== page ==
By Marty Mayfield
As we look back on 2013 the changes to the Raton business climate were dramatic and far-reaching with closures, sales and buyouts. Key personal changes also affected Raton in dramatic ways.
Change started early in the year with the closure of City Market on January 1st. Others closing their doors included Petals and Comcast, which closed its office in Raton. Comcast still continues to maintain a presence with its cable technicians. The Spur Lounge and the White House Saloon both sold their liquor licenses and closed their doors. The Crystal and Pappas Sweet Shop also sold their liquor licenses but remained open with a beer and wine license.
Another of the more dramatic closures came when the Raton Range closed its doors. The paper had been in publication in various forms for over 100 years. The twice a week paper was replaced by a weekly named the Raton Comet which is partnered with the Sangre De Christo Chronicle that covers other parts of Colfax County, mainly Cimarron and the Mareno Valley.
The Corner Shop joined the businesses on historic First Street helping Raton MainStreet’s efforts to revitalize the downtown area.
Coal bed methane operations continued on the Vermejo Park Ranch under the name of Atlas Resources Partners. The operations were sold by El Paso Energy last year and reformed as EP Energy and soon after that EP Energy sold the operations to Atlas, which became the official owners on August 1st of this year.
The Del Norte Pharmacy was purchased by The Medicine Shop and operations consolidated at the Medicine Shop home in the Dona Anna shopping center, while leaving the Home Medical business in operation in its original home in the Mira Monte shopping center. Adams Conoco was sold to Alta Fuels, bringing a new business face to Raton.
Changes in the Raton school system included a new superintendent with Dr. Neil Turhune and high school principal Eric Fredell. Other changes at the high school included Brock Walton retiring as head football coach and Zack Romero leaving as volleyball coach. New school board members were seated as controversy there forced changes.
Raton city government in turmoil finally saw a calming influence when city manager Pete Kampfer left and was replaced by retired school superintendent Butch McGowen. McGowen has been charged with getting the city’s financial house in order. McGowen’s arrival has brought stability to city government while Raton Public Service has seen the resignation of general manager David Mitchell.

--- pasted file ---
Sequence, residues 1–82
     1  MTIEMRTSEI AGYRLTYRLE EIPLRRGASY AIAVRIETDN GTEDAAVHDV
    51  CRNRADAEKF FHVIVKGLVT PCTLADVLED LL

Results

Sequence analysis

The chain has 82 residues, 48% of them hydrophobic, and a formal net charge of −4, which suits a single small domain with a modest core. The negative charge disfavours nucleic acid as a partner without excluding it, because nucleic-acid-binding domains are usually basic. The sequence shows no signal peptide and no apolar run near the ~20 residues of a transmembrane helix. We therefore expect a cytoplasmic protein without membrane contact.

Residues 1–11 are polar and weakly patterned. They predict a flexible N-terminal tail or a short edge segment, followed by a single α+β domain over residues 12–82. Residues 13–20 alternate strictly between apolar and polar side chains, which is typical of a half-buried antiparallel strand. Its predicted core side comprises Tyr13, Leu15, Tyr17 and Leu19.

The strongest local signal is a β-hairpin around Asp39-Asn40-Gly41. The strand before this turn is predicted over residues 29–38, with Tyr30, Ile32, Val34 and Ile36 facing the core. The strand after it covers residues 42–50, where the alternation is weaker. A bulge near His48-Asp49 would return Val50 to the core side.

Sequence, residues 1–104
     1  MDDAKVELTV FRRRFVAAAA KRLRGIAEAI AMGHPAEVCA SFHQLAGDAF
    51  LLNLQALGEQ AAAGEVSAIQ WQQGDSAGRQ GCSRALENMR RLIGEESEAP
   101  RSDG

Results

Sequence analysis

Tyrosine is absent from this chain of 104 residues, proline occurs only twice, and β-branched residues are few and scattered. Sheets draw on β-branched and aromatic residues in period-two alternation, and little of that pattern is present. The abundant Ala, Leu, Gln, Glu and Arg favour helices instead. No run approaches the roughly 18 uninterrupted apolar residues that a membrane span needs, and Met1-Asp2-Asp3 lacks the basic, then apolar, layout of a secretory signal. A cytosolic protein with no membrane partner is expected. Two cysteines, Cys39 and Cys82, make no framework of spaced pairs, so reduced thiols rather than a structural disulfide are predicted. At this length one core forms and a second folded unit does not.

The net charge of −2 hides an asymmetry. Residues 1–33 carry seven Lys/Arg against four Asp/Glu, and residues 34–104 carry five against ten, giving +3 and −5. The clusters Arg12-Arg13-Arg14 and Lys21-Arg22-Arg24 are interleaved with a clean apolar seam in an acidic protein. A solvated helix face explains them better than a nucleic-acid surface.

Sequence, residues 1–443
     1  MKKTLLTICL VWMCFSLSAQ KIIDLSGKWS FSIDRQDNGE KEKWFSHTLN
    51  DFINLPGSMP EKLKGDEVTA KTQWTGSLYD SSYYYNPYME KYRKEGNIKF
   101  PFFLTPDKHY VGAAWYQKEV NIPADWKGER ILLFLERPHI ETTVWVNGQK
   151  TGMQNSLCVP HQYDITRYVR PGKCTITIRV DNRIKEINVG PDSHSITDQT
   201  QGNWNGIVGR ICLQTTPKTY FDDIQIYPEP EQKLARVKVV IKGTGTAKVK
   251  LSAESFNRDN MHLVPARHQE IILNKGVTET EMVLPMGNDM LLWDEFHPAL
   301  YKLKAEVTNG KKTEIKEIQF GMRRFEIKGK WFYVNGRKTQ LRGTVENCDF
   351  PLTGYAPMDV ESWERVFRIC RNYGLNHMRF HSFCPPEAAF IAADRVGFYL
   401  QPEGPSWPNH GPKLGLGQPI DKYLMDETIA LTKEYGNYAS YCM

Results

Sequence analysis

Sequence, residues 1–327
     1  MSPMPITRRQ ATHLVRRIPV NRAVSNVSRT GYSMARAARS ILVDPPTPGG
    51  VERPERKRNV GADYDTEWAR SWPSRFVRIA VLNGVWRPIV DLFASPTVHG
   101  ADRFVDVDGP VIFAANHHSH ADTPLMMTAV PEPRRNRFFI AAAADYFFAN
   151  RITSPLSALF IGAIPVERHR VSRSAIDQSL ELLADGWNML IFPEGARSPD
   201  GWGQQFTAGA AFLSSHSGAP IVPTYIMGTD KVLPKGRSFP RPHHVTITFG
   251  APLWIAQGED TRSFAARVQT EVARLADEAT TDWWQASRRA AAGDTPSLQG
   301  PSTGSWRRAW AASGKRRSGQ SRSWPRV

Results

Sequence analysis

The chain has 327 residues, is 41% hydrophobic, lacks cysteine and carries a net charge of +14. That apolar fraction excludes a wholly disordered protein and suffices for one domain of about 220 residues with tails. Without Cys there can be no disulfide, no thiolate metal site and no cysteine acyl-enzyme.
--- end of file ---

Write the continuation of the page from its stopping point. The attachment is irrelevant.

There is no doubt 2013 was a year of change for Raton and changes will continue as 2014 rolls around. The business climate in Raton will have to adapt and change as business owners who are reaching retirement age contemplate closing their doors as there are no heirs to continue the business operations and selling the business is financially impractical and unfeasible due to expensive regulatory compliance. Business leaders will have to rethink business in general and come to the realization that Raton is becoming a tourist destination and moving away from an industrial business climate.
They will have to build on the positive aspects of business like the Whittington Center and its many visitors each year. Build the on the positives like fishing at Lake Maloya and other are fishing holes in the area. Day trips out of Raton to Capulin or Ute Park and the Mareno Valley or the Enchanted Circle.
City government will continue looking at creative ways to finance unfunded mandates such as closing the city landfill and trucking solid waste to another landfill. Raton city government will be challenged with the seating a mostly new city commission after municipal elections in March. After the last couple of years of turmoil it could be hard to find candidates to run for the city commission especially under the threat of a recall election by a watchdog group should they not be pleased with the commission’s performance.
City government receives about 75% of its income from gross receipts. A declining population also means a declining gross receipts tax base, thus reduced revenues for the city to work with. The new commission will be challenged to be creative with the city budget. Will they have to cut more city services or will they be able to at least keep things on a even keel.
Change and challenges abound for Raton in 2014. While there have been several negatives Raton can recover and build a positive business climate. That climate may look totally different than it does now but with positive and cooperative work it can happen.